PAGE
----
In the end, Latvia decided on mandatory conscription for men alone, but in the first draft 11 of the initial 488 voluntary applicants were women (subsequent drafts will be compulsory for men, although women can apply voluntarily.) The number might seem modest at first glance but on closer inspection, the country is doing surprisingly well in attracting female recruits. Better than its Baltic neighbors and most other NATO member states, in fact.

Latvia has comparatively good female representation within the Latvian National Armed Forces (LNAF). The female share of the Latvian army has held stable above 15% for the past decade. As of now, women make up 16.5% of the army’s total military personnel — from a total of 6,700— and an ambitious 2026 goal aims to make this 25%. Among the National Guard, a voluntary element of LNAF of around 10,000 troops, women accounted for an even more impressive 20% share last year.

NATO’s female average average rose from 10.5% in 2013 to 13% in 2020. Such statistics have shown Latvia at the forefront of the alliance for some years and it has uninterruptedly ranked within NATO’s top ten since joining the alliance. In 2020, the country had greater female representation than 19 NATO members, including Norway, Spain, Germany, and the UK, and shared seventh place with Canada.

Latvia is also an outperformer in the Baltics. It is the absolute leader, ahead of Lithuania, with 12.2%, and even further ahead of Estonia, with 9%. 

Statistically, women have better career prospects in the Latvian military than the NATO average, although hurdles remain. They still lag in military career development behind their male peers, and non-combat duties are predominantly designated to women. But things have been changing.  

Reestablished in 1994 following Latvia’s restoration of independence, LNAF is a young institution. The country has had only three decades to rebuild its state defense system from scratch and to raise today’s officers.

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In 2020, Latvia appointed its first woman colonel, Ilze Žilde. After 26 years in the military, she is ranked a senior military officer and is currently seconded to the US as Latvia’s military attaché. Promotion to the rank of colonel takes 21-23 years in the US and around the same timeframe worldwide.

Žilde’s military path was more a choice than a vocation at first. The 1990s were exhausting for Latvians, much as for other post-Soviet peoples. The rapid transition from a command to a market economy led to skyrocketing inflation and unemployment. Joining the fledgling armed forces was a rational choice, providing secure employment and a stable income.

She has never regretted joining up and now sees a considerable increase in serving women and an improved attitude among male colleagues.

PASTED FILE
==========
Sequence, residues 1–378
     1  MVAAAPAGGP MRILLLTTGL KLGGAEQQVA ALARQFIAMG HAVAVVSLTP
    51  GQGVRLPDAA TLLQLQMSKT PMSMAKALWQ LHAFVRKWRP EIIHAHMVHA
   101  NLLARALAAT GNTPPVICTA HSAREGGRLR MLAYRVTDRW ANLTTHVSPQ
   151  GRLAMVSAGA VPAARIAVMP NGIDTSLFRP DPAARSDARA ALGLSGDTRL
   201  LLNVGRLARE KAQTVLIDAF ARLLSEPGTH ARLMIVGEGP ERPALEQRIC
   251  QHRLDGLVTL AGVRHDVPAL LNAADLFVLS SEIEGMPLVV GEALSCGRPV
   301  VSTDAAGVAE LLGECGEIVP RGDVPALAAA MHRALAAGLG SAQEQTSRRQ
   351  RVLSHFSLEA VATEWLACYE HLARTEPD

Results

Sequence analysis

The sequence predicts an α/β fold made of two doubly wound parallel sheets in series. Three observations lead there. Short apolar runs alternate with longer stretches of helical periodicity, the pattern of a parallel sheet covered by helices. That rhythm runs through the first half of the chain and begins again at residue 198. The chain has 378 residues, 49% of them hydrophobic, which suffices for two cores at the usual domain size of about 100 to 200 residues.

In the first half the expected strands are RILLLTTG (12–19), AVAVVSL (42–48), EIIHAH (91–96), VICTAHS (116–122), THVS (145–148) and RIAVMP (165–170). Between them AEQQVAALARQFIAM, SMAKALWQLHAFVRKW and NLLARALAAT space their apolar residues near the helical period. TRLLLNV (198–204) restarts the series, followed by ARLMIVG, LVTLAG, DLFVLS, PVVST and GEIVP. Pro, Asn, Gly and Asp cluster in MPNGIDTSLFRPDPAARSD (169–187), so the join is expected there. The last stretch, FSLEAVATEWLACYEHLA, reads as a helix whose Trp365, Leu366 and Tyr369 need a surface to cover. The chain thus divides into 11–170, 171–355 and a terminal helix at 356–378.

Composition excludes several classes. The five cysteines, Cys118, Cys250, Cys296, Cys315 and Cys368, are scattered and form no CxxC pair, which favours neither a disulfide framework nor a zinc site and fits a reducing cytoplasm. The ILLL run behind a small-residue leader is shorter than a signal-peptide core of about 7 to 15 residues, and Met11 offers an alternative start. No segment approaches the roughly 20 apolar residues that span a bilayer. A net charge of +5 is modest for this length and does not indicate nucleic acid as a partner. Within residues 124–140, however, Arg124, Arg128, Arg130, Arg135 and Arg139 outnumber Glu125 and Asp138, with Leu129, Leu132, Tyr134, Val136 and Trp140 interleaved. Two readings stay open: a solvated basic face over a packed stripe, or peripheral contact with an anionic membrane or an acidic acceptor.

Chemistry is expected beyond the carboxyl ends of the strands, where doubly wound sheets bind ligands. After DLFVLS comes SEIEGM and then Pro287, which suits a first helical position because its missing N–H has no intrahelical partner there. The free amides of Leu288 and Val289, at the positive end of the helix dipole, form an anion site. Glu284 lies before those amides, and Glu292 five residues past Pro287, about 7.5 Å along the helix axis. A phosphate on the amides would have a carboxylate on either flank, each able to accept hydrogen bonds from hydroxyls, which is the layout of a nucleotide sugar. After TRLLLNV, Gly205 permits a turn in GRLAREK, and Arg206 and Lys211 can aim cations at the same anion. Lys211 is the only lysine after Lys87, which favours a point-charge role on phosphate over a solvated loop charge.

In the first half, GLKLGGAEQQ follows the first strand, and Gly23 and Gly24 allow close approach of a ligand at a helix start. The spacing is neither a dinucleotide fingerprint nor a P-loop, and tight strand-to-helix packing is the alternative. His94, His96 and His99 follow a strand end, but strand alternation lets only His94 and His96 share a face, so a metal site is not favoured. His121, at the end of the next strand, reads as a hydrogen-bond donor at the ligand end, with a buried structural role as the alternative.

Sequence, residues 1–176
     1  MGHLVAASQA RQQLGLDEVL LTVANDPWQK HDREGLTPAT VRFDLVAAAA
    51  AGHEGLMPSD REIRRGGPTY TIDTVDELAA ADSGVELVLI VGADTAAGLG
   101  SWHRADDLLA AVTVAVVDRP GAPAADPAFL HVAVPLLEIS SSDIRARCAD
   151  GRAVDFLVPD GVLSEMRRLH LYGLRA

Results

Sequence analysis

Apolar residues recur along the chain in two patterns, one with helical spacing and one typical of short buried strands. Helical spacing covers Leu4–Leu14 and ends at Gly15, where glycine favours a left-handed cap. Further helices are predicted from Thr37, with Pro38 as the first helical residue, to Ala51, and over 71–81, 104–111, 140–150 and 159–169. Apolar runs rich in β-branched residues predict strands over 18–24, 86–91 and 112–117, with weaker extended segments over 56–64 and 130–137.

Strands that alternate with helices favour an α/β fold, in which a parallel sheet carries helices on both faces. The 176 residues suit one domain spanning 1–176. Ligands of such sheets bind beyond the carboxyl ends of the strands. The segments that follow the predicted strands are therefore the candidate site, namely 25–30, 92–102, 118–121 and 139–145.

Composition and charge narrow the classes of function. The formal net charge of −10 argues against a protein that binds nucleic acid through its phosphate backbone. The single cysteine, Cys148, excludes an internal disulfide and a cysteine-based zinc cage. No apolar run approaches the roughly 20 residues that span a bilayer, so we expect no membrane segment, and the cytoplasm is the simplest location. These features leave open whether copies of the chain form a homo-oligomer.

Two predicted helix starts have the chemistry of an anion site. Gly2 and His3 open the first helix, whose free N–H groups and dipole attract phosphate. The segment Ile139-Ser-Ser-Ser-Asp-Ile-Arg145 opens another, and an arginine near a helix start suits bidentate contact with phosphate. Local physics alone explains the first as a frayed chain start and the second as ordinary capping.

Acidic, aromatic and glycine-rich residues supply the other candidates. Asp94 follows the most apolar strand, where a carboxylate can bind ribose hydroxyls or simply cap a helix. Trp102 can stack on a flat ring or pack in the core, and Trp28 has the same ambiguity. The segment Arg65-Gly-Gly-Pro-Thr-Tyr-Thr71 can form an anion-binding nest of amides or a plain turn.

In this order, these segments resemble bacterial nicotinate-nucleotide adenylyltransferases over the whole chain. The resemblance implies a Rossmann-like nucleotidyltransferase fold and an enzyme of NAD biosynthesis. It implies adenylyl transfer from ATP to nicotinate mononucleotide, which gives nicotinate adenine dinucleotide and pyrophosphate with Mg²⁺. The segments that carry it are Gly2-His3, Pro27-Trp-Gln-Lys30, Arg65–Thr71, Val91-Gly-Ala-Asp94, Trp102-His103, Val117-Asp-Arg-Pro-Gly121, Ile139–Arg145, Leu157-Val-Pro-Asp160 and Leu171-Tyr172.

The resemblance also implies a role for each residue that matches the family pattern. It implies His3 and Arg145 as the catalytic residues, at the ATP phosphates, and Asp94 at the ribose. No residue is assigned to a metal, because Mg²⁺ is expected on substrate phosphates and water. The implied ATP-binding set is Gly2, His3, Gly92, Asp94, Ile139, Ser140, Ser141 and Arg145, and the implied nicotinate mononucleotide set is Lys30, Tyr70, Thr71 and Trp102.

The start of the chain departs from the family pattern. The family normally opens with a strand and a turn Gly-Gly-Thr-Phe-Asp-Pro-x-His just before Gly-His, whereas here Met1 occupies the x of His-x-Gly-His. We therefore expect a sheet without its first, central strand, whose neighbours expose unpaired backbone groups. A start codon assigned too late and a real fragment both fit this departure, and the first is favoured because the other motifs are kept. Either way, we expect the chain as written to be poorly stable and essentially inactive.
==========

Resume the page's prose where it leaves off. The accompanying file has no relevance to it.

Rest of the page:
There are now 11 female lieutenant colonels (from six in 2019) who occupy roles ranging from Commander of the Airspace Surveillance Squadron, and Commander of the National Armed Forces Joint Headquarters Battalion. Other new roles are opening up, with women now serving in the Honor Guard, which carries out ceremonial duties.

The fourth decade of the LNAF is likely to see an accelerating pace of advancement, including the acceptance of women into more combat roles. Catching up with its Scandinavian neighbors can provide additional motivation — Denmark recently assigned the first female major general to command the multinational division “North.”

This is not just about representation; there are solid reasons to encourage women into the military sphere including broadening the talent pool. Warfare has changed; armed forces do not need to be so reliant on physical might, and indeed such differences are wholly irrelevant when it comes to skills like drone operations and cyber warfare as well as traditional roles like aviation and command. Women can provide new capacities to fill the personnel shortage – a pressing issue in the Latvian and other European armies.

Evija Djatkovica is the Deputy Director of the Center for Geopolitical Studies in Riga. She is a researcher and PhD student at Riga Stradins University. Her research focuses on Eastern European countries, particularly Belarus, Ukraine, and Russia, as well as Central Asia and hard and soft security in the Baltic Sea region. Recently she conducted field research in the war-affected areas of Ukraine.

Europe’s Edge is CEPA’s online journal covering critical topics on the foreign policy docket across Europe and North America. All opinions are those of the author and do not necessarily represent the position or views of the institutions they represent or the Center for European Policy Analysis.

Europe's Edge
CEPA’s online journal covering critical topics on the foreign policy docket across Europe and North America.
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